Applying to medical school

Applying to medical school is complicated, but we are here to help! Advisors at the Health Professions and Prelaw Center can help you develop your best strategy and troubleshoot problems you encounter in your application. Make sure to attend our Personal Statement Writing Workshops and Medical School Application Workshops so you’ll be in the know.

Primary application #

To apply to most medical schools, you will need to submit a centralized "primary" application that is sent to multiple medical schools. For allopathic (MD) medical schools, you use the AMCAS application to apply.  Osteopathic schools use the AACOMAS application. Expect to spend several weeks working on the application. Applications open in May each year.

On the application, you will fill out information regarding every college course you have taken, so you will need to refer to transcripts from every college or university you have attended. You will also need to order official transcripts from all colleges and universities you have attended to be sent to the application service.

AMCAS and AACOMAS will not process your application without all of your transcripts. You can check the status of your online application to see if your transcripts have been received.

At IU Bloomington, you can order your transcript from Student Central.

Personal statement #

As part of the primary application process, you will need to submit a personal statement. The admissions committee will read your personal statement to learn why you want to become a physician.

Writing a personal statement requires that you reflect on your motivations and the personal experiences that have shaped you. An effective approach is to write about the series of events in your life that have led you to medicine. What started you on the path toward becoming a doctor, and what kept you on that path once you started, even at times when it wasn’t easy? Drawing material from your premed journal can provide useful insights and help bring your writing to life.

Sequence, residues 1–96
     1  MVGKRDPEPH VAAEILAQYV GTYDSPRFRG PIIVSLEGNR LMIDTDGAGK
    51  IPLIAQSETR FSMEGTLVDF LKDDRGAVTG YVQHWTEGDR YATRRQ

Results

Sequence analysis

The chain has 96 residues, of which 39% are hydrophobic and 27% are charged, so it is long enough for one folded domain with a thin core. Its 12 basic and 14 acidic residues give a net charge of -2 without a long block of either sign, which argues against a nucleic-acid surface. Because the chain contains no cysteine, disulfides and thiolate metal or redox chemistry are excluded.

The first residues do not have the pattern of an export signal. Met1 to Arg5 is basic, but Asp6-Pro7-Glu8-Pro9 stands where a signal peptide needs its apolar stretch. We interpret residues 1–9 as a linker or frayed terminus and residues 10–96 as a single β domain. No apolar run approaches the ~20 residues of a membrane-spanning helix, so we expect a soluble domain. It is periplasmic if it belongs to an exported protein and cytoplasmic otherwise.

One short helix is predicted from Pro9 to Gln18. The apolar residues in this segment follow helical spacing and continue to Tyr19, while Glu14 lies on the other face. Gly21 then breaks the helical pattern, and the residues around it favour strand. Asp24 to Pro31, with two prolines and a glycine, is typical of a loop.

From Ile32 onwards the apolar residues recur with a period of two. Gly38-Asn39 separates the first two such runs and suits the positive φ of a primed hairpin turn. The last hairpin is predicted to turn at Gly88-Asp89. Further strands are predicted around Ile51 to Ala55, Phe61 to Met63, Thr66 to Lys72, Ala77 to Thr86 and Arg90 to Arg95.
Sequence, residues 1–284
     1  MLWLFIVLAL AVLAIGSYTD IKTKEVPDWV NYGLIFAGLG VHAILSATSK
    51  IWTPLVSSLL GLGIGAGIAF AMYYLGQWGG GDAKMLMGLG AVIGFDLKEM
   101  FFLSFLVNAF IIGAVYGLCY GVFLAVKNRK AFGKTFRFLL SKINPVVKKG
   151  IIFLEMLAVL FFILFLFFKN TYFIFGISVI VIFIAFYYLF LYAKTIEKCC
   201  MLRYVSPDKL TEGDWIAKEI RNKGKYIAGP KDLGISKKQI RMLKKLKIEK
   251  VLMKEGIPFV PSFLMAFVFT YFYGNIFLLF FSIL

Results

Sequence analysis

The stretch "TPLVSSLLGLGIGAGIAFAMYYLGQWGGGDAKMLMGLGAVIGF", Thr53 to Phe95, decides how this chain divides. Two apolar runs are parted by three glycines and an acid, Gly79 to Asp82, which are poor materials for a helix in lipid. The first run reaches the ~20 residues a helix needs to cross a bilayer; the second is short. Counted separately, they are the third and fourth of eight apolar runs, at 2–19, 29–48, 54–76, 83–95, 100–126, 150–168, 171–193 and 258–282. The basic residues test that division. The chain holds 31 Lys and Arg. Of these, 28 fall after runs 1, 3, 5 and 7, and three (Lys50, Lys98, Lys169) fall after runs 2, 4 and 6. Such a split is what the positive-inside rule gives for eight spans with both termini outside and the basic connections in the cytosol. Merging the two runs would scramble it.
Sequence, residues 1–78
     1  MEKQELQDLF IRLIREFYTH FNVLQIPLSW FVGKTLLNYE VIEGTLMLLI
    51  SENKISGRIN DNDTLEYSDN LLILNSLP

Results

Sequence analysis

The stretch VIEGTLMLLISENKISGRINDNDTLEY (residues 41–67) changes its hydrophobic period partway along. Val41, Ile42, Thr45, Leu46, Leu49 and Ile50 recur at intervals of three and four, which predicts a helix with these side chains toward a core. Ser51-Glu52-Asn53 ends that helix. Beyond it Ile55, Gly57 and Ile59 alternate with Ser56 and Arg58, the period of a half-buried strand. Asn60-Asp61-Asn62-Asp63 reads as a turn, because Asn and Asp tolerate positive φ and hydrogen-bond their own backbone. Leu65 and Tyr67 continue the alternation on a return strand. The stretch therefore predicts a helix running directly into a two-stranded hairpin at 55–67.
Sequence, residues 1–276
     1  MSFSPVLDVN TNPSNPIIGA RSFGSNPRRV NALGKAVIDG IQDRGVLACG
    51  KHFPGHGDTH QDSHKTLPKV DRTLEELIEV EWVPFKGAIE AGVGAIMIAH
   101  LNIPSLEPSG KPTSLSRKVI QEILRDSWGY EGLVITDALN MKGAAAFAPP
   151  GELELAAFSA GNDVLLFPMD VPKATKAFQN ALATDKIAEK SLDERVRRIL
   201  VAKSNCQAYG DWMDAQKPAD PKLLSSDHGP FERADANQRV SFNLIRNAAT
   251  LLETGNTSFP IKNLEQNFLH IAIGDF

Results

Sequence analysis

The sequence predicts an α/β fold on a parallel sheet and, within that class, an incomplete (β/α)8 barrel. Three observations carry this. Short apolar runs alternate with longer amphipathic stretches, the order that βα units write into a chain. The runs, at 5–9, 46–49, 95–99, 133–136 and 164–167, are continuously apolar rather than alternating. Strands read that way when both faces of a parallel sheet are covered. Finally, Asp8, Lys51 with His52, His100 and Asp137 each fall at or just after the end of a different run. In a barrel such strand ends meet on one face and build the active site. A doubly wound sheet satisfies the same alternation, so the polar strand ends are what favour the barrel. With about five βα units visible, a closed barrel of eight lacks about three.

Admissions committees will be evaluating your application based on your ability to express yourself coherently and effectively, as it may correspond to your ability to communicate with patients later.

Make sure to attend one of the Personal Statement Writing Workshops offered by the Health Professions and Prelaw Center. Schedule an appointment with a HPPLC advisor for feedback on a draft of your personal statement.

Personal statement and application essay podcast #

Need some coaching on writing application essays? Check out the podcast episodes HPPLC has created below for some help on the process.

  1. Understanding the Med School Personal Statement
    Are you just getting started and want to understand how the medical school personal statement fits into your application and how it differs from the essays you commonly write for other grad programs? Listen to "Understanding the Med School Personal Statement."
  2. Quick Personal Statement Exercise
    Are you having difficulty starting your personal statement and just feeling stuck?  Try the "Quick Personal Statement Exercise."
  3. Turning Your Ideas into a Draft
    Have you completed the exercise above but you are still having trouble turning your ideas into a draft? Check out the "Turning Your Ideas into a Draft" podcast.

Experience section #

The primary applications (AMCAS and AACOMAS) include a section where you can provide information on work experiences, extracurricular involvement, volunteering, research, awards, honors, and publications that you would like to bring to the attention of the admissions committee. Shadowing of physicians and medically-related volunteering should also be listed here.

You do not just list experiences, but you are asked to write and reflect on them too. For each activity you’ll be given the space to write several sentences describing and reflecting on your experience. A recommended approach is to briefly describe in a few sentences what you did and then in one or two sentences at the end reflect on what you gained from the experience.

The AMCAS application also asks you to identify up to three of your experiences that you consider the most meaningful experiences. For the three that you designate, you will be given additional space to write a brief essay. AMCAS advises that for these brief essays "you might want to consider the transformative nature of the experience, the impact you made while engaging in the activity and the personal growth you experienced as a result of your participation."

It is as important to write something significant about your accomplishments as to list them. The space provided gives you another opportunity to communicate to the admissions committee, so it is to your advantage to spend some time crafting descriptions of your activities that reflect well on your preparation for a career in medicine. Concise but substantive entries will allow the admissions committee one more opportunity to "hear your voice" through your writing.

Secondary application #

Many medical schools have individual applications that supplement the primary application, called "secondary applications." Most medical schools contact all applicants and invite them to submit secondary applications, though some review the primary application before selecting their top candidates to invite to submit secondary applications.